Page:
Crabbing championship bridge may be set to close

A familiar seaside landmark in north Suffolk popular with crabbers faces demolition if no-one can be found to take on responsibility for its upkeep.

Officials say the 50-year-old bridge at Walberswick, near Southwold is unsafe, no longer of use, and has become a hazardous liability – but locals hope a custodian will come forward in the next 60 days to save it from the bulldozers.

The Environment Agency built the bridge over the Dunwich River in the 1960s to allow vehicles to access the beach for sea defence work.

Since then it has been used regularly by crabbers and tourists but gradually less often by the agency, which has offered to restore the bridge to its original state for anyone willing to take it on.

David Webb, Walberswick Parish Council chairman, said the Common Lands Charity, of which he is a trustee, was approached to assume ownership of the bridge but could not afford its long-term maintenance.


You may also want to watch:


Mr Webb said: 'Admittedly, the condition of the bridge is not very good and it is actually outside the parish council's patch, but it is well used.'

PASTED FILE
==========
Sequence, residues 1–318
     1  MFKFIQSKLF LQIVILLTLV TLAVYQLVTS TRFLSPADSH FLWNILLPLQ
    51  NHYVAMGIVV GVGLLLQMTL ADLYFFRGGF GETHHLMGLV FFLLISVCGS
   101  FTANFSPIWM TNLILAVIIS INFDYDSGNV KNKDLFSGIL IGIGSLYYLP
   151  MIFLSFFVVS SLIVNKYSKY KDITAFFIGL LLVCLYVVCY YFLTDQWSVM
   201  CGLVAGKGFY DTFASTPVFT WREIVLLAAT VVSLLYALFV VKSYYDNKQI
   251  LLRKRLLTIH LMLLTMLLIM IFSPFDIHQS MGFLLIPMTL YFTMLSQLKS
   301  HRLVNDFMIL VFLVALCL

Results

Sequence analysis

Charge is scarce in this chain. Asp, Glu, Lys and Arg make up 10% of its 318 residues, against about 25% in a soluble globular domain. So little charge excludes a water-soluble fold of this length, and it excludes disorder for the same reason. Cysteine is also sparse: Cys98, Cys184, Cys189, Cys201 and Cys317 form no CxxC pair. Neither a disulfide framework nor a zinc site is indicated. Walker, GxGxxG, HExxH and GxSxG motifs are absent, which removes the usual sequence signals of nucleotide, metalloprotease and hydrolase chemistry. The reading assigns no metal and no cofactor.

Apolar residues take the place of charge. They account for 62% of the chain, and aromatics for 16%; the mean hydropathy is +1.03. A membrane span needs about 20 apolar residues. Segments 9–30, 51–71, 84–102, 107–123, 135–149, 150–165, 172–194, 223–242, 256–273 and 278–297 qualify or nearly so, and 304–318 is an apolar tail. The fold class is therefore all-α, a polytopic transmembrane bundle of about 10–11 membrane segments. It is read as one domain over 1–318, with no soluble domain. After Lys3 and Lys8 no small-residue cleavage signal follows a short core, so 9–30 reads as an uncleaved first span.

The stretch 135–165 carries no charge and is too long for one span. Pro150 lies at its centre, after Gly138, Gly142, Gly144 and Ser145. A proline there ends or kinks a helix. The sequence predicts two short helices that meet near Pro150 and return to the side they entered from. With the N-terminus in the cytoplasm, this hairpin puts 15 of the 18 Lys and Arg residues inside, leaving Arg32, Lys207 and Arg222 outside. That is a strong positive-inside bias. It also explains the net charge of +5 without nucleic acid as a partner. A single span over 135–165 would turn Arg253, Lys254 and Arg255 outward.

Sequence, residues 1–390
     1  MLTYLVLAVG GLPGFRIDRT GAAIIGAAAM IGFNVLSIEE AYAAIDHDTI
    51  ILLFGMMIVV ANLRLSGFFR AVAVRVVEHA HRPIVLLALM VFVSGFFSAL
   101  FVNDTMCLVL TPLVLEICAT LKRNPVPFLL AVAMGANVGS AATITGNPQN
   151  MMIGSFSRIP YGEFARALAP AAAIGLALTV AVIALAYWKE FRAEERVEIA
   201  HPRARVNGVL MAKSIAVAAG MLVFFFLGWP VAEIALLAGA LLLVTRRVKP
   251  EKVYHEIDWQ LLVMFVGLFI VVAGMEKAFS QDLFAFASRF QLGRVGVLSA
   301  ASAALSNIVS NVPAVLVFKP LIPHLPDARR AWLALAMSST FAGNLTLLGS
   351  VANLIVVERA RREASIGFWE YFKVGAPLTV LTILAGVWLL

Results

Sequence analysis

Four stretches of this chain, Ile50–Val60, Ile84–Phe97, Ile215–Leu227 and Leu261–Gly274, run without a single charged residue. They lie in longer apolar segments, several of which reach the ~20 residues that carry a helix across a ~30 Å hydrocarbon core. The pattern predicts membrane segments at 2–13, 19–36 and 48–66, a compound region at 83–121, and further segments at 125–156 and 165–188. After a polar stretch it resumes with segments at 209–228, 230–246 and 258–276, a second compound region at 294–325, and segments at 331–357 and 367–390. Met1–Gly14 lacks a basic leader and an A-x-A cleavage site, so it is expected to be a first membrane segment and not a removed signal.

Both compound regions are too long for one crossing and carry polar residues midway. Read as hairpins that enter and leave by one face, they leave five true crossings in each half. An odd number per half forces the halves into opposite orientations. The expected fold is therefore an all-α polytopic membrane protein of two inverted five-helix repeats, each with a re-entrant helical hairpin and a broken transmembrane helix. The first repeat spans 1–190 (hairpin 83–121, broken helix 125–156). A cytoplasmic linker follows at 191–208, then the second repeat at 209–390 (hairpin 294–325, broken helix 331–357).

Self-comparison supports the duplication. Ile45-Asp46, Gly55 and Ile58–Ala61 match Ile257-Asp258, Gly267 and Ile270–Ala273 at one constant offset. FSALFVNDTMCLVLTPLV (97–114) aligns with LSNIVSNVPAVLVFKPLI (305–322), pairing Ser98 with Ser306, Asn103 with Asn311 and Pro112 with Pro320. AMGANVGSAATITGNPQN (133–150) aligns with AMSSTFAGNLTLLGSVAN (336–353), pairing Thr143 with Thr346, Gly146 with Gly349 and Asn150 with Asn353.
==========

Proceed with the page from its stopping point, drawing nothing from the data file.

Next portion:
Mr Webb, who also sits on the Walberswick Crabbing Committee, stressed that the safety of the bridge had no influence on the cancellation this year's British Open Crabbing Championships but that untimely tides and an increasing volume of competitors crabbing from the river banks were the main reasons behind the decision.

Most Read

'There is no problem with safety at all,' he claimed. 'Light vehicles can get across comfortably.

'It would be a great shame and a big loss during the summer if the bridge went.'

A padlocked gate restricts access to the bridge and original planning permission did not allow anyone but the Environment Agency to use it. However, many locals and tourists continue to use it as a walkway. Gary Watson, Coastal Engineer for the Environment Agency, said: 'The bridge is very old and has not been used for many years.

'It was only really built for us to gain access to the beach but it fails current health and safety standards and we can now access the beach from another bridge nearby. 'We have written to both the parish and district council to give them the option of taking it on if they have use for it.'

The Environment Agency has given 60 days for the parish council and district council to respond with suggestions for the future of the bridge.

If someone is found to take on the responsibility, the Agency will shore up the sides and return the bridge to its original condition. If not, the bridge will be removed altogether.

Mr Watson added: 'We are aware of its popularity with tourists and the annual crab fishing championship.'

Become a Supporter

This newspaper has been a central part of community life for many years. Our industry faces testing times, which is why we're asking for your support. Every contribution will help us continue to produce local journalism that makes a measurable difference to our community.

Become a Supporter